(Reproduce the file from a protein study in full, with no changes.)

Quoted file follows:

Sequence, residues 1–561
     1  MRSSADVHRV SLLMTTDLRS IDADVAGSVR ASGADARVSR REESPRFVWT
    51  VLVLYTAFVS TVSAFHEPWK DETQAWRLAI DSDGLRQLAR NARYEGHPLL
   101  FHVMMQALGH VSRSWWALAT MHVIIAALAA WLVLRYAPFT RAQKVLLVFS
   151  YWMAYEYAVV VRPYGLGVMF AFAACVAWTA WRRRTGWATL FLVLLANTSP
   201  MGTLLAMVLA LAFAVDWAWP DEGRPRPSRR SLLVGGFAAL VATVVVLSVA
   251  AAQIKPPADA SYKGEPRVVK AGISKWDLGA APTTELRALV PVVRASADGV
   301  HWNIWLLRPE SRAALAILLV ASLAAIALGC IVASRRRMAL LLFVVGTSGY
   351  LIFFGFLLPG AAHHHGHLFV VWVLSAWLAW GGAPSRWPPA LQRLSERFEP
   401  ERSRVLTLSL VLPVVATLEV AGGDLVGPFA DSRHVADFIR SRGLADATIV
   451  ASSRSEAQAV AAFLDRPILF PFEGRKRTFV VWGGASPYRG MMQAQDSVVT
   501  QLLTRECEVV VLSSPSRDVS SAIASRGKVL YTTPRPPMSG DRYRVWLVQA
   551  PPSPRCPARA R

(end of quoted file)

Sequence, residues 1–561
     1  MRSSADVHRV SLLMTTDLRS IDADVAGSVR ASGADARVSR REESPRFVWT
    51  VLVLYTAFVS TVSAFHEPWK DETQAWRLAI DSDGLRQLAR NARYEGHPLL
   101  FHVMMQALGH VSRSWWALAT MHVIIAALAA WLVLRYAPFT RAQKVLLVFS
   151  YWMAYEYAVV VRPYGLGVMF AFAACVAWTA WRRRTGWATL FLVLLANTSP
   201  MGTLLAMVLA LAFAVDWAWP DEGRPRPSRR SLLVGGFAAL VATVVVLSVA
   251  AAQIKPPADA SYKGEPRVVK AGISKWDLGA APTTELRALV PVVRASADGV
   301  HWNIWLLRPE SRAALAILLV ASLAAIALGC IVASRRRMAL LLFVVGTSGY
   351  LIFFGFLLPG AAHHHGHLFV VWVLSAWLAW GGAPSRWPPA LQRLSERFEP
   401  ERSRVLTLSL VLPVVATLEV AGGDLVGPFA DSRHVADFIR SRGLADATIV
   451  ASSRSEAQAV AAFLDRPILF PFEGRKRTFV VWGGASPYRG MMQAQDSVVT
   501  QLLTRECEVV VLSSPSRDVS SAIASRGKVL YTTPRPPMSG DRYRVWLVQA
   551  PPSPRCPARA R